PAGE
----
5. Campaign data needs to be kept

The lack of preservation of important of important ad campaign data also came under deep scrutiny. Reed Smith protested “an egregious destruction of evidence”. This included “the unexplained loss” of emails and computers. Loss of information related to “HasOffers” data and site ID data, publisher IDs, source Ida, device IDs, referral URLs. This was described as “critical evidence to the case and without which it is not possible to reconstruct purchases.” In order to protect themselves parties have been advised to ensure this data is maintained in case happy relationships go sour down the road.

6. Correspondence is not private

Many private correspondences were disclosed, as Uber attempted to argue a RICO prosecution (used famously to bring down New York Mafia bosses). Under this law, Uber needed to prove transmission of wire communications in interstate and foreign commerce. For example, in an email sent on Oct. 31, 2016, a Phunware employees wrote: “Guys it’s… time to spin some more BS to Uber to keep the lights on.” Another Phunware employee wrote “Only option we have now is to go hunt links/screenshots from other networks/affiliates and light a big fuck off fire for Uber to put out to take the heat off us.” In another case a subject title email states “Please Help – Domain Broken” pointing out that “this domain (http://dailyprizegiveaway.mobi/) is no longer working. The conversation involved  a plea with IT to “get it back up” arguing that “we will have to come up with a solution here as there is a lot of revenue attached to this domain.”

7. Big savings can be made identifying invalid clicks in campaigns

In the end, unable to find out the source of Breitbart ads appearing, Frisch simply turned off the two-thirds of his $150m ad spend. Nothing happened. He says: “We turned off two -thirds of our spend 100m of annual spend out of the $150m and basically saw no change in our number of rider app installs”.  He claims this is because the paid-for-installs were now correctly attributed to organic installs – for instance through word of mouth.

However ironically though so much was saved Frisch adds that “back in the heady days of 2017 actually people didn’t care that much about [the saving]. Today saving $100m now would be life changing. But then it was about how are we reinvesting money to grow faster? At the time there was no desire to save money – it was all about spending to budget. It was a very different culture and business attitude.”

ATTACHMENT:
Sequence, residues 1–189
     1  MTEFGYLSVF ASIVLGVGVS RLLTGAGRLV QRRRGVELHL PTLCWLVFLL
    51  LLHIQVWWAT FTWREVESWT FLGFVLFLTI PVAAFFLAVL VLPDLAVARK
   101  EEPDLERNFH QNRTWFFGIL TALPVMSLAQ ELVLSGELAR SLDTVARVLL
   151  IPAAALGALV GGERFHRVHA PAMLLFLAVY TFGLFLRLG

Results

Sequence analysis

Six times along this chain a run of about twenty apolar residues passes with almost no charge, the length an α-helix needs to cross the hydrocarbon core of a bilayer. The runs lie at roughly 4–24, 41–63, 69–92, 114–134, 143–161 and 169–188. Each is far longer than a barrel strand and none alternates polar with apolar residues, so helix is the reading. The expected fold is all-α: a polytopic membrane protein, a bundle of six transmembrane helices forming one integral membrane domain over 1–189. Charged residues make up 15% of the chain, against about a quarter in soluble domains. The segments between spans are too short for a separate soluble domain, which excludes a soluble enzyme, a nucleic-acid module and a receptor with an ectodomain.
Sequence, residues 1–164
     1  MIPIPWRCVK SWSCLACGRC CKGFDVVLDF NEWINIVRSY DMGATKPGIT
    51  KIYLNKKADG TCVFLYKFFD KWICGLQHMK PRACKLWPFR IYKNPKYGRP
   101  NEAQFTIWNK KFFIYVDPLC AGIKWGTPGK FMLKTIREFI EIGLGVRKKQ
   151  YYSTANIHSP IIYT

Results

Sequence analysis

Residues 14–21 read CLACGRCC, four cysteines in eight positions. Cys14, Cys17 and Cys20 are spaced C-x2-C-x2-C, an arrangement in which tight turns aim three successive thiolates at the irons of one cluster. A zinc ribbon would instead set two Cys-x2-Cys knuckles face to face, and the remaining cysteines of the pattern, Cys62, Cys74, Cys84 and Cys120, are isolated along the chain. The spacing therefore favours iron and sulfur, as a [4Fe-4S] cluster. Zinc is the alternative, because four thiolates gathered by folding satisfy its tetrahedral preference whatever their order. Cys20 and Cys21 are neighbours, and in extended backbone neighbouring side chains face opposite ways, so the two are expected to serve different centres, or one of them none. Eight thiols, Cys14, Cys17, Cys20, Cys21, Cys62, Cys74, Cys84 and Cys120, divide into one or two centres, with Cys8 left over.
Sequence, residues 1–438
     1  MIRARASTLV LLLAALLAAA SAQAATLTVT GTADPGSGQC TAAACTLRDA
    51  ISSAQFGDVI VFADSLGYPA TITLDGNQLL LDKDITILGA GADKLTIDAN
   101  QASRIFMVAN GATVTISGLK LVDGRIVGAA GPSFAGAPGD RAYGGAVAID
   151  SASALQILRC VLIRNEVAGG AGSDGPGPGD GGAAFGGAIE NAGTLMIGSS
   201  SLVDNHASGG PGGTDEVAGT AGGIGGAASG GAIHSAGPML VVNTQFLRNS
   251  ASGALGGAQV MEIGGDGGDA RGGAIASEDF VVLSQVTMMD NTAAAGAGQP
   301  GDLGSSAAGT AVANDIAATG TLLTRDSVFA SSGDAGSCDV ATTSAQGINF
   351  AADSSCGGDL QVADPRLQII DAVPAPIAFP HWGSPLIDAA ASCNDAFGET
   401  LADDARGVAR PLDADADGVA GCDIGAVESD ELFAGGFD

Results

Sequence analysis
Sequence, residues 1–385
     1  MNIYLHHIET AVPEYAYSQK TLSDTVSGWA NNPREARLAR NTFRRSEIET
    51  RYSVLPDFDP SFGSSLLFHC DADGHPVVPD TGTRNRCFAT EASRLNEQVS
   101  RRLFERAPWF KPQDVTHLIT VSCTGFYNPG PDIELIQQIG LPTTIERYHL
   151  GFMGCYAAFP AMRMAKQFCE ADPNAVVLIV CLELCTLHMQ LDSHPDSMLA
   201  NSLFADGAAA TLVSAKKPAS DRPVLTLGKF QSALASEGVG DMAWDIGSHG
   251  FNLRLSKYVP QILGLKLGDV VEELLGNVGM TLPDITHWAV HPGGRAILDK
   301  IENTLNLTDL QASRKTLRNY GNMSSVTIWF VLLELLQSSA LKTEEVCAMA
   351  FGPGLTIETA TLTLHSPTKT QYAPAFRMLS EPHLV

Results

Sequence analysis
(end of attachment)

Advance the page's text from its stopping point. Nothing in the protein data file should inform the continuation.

Today Uber’s marketing has been shaved down, laying off around 400 of its 1200 marketers. In such a climate finding such savings  would involve a ticker tape parade.

8. Shades of gray

Despite the final settlement, the case crystalized how far many consider certain ad practices to be “gray”. In the words of one correspondence lodged in discovery, from a defendant sent on 19 June, 2019, “Ultimately, we were not buying fraud, in terms of fake users. We just buying shitty grey traffic and falsifying the placement. That not cool, but I fear we get lumped into this whole other straight up fraud side.” He went on to say: “I think also [Uber is making] a attempt to get street credibility from other tech companies they fight the corrupt ad space. I know fraud in the industry is on everyone’s radar. So, part of me thinks the trying to gain popularity for taking action (sic).”

9. Customer acquisition leaders: be vigilant

Frisch adds that he does not believe that much has changed since the four-year battle finally concluded.

He adds that the only solution is for demand acquisition leaders to take ad fraud seriously, recognizing the serious consequences for metrics across their organization, including getting new customers and seeing true growth. Frisch says: “There has to be someone who does not have a stake in this spend going away and your cost per acquired customer going up. Remember, fraudulent new customers are much cheaper than ones you actually incrementally acquire. You have to always be on it you have to poke here and dig here.”

10. Court cases for customer acquisition campaigns remain rare

Cases rarely get to court. Even in this episode, a related $40 million case  between Uber and Fetch ended early. (In March 2019, Fetch, retained to run Uber’s mobile advertising campaign from 2014 to 2017 settled on terms that have not yet been disclosed). Overall, few companies have the stomach and the desire to take action in court. That said, there have been some notable cases against fraud including some vital cases showing that click fraud is illegal. Because of the funds required, It is usually big companies (Facebook or Google, and now Uber) or governments that have taken action to prosecute alleged wrongdoing.

Uber dug into their advertising funnel to check for hackers. This became a major reason for Uber uncovering problems and optimizing their campaigns. CHEQ for PPC is the first solution to block invalid clicks across multiple platforms including Google, Facebook, Instagram, Baidu, Bing, LinkedIn, Snap, Twitter, Pinterest, Yahoo, Yandex and more. Though as this landmark case shows, the first step is from companies and their leaders to understand how things can go wrong and then choose the optimum way to clean the pipes  by removing invalid and fraudulent clicks. The case shows that the  long-term effects of these efforts are vital, in a long-term bid to secure real customer acquisition and genuine growth.